It is a simple and excellent illustration on watershed management that
is important for school children and for NGOs. The book introduces the concept of
watershed and steps involved in watershed management. In addition, calls for local
peoples active participation in the programme for long term success. Finally it
outlines the guidelines for watershed management for the beginners.
The Book is available from: PALMYRA, Centre for Ecological Landuse and Rural
Development, Aurobrindavan, Auroville- 605 101. Pondicherry.
2. Whose Voice?: Jeremy Holland & James
Blackburn. 1998. Whose Voice? - Participatory research and policy change.
Intermediate Technology Publications Limited. London. Pages: 254.
In recent years there has been a quiet revolution in policy analysis. The increasing
use of participatory rural appraisal (PRA) and related participatory approaches by NGOs,
governments and multinational agencies have opened up new ways in which policy can be
influenced by those who are poor, weak, marginalised and excluded. Participatory policy
analysis questions conventional policymaking procedures, challenges the behaviour and
attitudes of policy makers, and influences the style and substance of policy itself. The
book demonstrates the far reaching implications of this quiet revolution for the
development sector and examines the issues that need to be addressed in order to increase
the effectiveness, sustainability and acceptability of future participatory policy-focused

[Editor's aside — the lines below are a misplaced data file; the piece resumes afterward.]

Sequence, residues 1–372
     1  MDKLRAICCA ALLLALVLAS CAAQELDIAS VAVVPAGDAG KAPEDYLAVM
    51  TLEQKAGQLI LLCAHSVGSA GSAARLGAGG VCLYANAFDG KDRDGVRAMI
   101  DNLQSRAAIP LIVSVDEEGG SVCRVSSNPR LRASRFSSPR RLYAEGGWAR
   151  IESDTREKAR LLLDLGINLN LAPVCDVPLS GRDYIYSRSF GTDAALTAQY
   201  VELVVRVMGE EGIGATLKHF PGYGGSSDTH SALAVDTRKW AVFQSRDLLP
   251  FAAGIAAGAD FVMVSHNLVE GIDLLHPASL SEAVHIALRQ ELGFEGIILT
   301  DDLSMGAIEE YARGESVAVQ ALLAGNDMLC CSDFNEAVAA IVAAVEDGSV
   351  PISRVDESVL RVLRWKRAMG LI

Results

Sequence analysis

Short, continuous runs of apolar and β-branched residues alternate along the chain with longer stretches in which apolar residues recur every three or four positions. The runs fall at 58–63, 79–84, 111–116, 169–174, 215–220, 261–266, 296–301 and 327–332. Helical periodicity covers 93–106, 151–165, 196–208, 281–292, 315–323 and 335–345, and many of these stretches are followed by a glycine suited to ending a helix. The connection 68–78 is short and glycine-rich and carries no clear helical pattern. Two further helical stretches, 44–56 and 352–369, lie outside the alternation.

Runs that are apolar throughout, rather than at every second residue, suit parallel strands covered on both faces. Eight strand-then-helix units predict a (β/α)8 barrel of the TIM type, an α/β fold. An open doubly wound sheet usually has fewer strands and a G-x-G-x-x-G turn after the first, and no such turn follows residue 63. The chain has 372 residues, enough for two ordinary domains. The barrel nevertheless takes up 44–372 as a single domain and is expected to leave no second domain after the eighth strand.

research. The book stems from an international workshop convened in May 1996 at the
Institute of Development Studies, University of Sussex. The book is organised with Part 1
examines the case-studies that have used PRA methods to influence policy. Part 2
reflecting on participatory poverty assessments. Part 3 draws the theme. The book will be
an invaluable to professionals and policymakers with a special interest in PRA approaches
and methods and their impact upon policy and development.
3. Ripples in Peoples Movement: FAO.
1998. Ripples of the Society - Peoples movement in watershed developments in
India. PWMTA & FARM Programme. Food and Agricultural Organisation of United
The society, the samaj, evolved varied institution to support life that revolved around
their natural resources, the land, the water, the soil and the forest that nurtured and
sustained their lifestyles. The book is a documentation of such institutions in watershed
development in India. The document from the case-studies from the Himalaya and the rainfed
desert areas of India aims to replicate these programmes in other parts of the world. The
document identifies some of the key factors that are crucial to promote peoples
participation. In addition, what these case-studies also highlight is that most of the
success stories have emerged due to committed intervention by an individual or an
organisation. What needs to be taken with caution in replicating such experience is that
most of the characterisrics identified cannot be prevalent in all regions. many of the